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Why your electricity bill is wrong (and why the industry needs to get it right)

A typical commercial and industrial (C&I) consumer can spend millions of pounds on electricity each year. The recent turmoil in wholesale markets has made energy costs a particular focus for many companies, so getting accurate and timely bills is critical to a company’s ability to manage its cash flows and budgets.

But pulling together an accurate electricity bill at the end of the month isn’t all that easy and unfortunately, the initial invoice produced by the supplier will always be wrong.

On the face of it, this is surprising. Consumers pay for their electricity in arrears and it shouldn’t be beyond the capacity of a sophisticated electricity supplier – using modern technology – to precisely measure the volume of electricity its customer has used, and then charge it accurately for that consumption.

But it’s not that simple – there are myriad reasons why electricity bills are almost impossible to get right the first time. Unfortunately, industry suppliers have been very poor at communicating this and even worse at fixing the problem. 

Garbage in, garbage out

Let’s start with what is actually measured. The electricity supplier collects half hourly usage data from every meter in the business – collecting around 1,440 data points for each meter every month. Some of that data isn’t correct and as a result needs to be estimated, and then subsequently corrected, through a process run by Elexon that involves multiple settlement runs over an extended timeline.

The settlement process is conducted in several stages, including initial, revised, and final settlements, allowing for the correction of data and ensuring the accuracy of this data in the system. This multi-stage approach provides a mechanism for parties to submit updated metering information or settle disputes. Ofgem typically allows 14 months for usage figures to be finalised.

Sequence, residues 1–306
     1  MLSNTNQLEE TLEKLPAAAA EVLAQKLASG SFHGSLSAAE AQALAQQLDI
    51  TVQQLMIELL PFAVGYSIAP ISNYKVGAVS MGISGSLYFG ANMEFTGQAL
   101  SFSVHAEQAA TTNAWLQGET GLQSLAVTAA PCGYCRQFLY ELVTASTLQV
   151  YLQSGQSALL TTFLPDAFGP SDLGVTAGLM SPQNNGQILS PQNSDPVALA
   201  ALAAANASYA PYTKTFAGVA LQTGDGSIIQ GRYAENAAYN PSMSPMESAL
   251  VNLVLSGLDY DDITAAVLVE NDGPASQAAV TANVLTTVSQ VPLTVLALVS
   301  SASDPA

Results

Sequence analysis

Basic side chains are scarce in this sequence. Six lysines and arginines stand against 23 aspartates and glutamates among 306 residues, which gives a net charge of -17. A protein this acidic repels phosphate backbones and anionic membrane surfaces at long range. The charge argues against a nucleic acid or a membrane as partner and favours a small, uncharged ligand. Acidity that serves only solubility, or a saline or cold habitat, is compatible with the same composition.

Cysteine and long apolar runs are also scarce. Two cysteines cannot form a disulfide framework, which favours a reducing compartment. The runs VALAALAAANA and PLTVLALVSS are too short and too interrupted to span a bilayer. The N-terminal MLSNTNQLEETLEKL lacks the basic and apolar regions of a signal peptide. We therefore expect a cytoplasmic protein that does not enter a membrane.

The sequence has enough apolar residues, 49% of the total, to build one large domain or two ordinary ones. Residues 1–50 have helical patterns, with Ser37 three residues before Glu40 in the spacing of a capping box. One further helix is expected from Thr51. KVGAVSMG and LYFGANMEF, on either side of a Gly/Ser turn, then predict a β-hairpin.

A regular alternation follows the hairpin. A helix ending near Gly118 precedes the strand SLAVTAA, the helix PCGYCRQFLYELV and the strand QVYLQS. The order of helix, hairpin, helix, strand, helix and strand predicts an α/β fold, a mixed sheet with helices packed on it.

Volume figures also depend on the supplier knowing which meters are currently connected. If meters are disconnected or de-energised without the supplier being informed, then this is where many of the problems start. When a meter is faulty or disconnected, accurate recording of electricity usage is disrupted, necessitating immediate action within the settlement process. Initially, historical consumption data, adjusted for specific conditions like seasonal changes, is used to estimate the missing data. This ensures the continuation of financial settlements between market participants without delay.

Simultaneously, the issue is reported for investigation, leading to the repair or replacement of the meter. Once the meter is operational, actual data is collected and compared with the estimates. If discrepancies are found, the settlements are corrected accordingly to reflect true consumption, ensuring fair financial transactions. This scenario underscores the importance of the swift resolution of meter faults and accurate estimation techniques to maintain the integrity of the settlements process, with a focus on transparency and communication among all parties involved to uphold trust in the system.

Once the volume data is corrected it’s then possible to use this to calculate the other costs.

Digging into network costs

Network costs – those associated with the operation and maintenance of the electric grid – are circa £35/MWh for C&I consumers. They comprise: transmission network use of system (TNUoS); distribution use of system (DUoS); balancing services use of system (BSUoS); and transmission and distribution losses (Tloss and Dloss). Many of these are simply not definitively known by the supplier at the time of billing or are subject to industry data errors.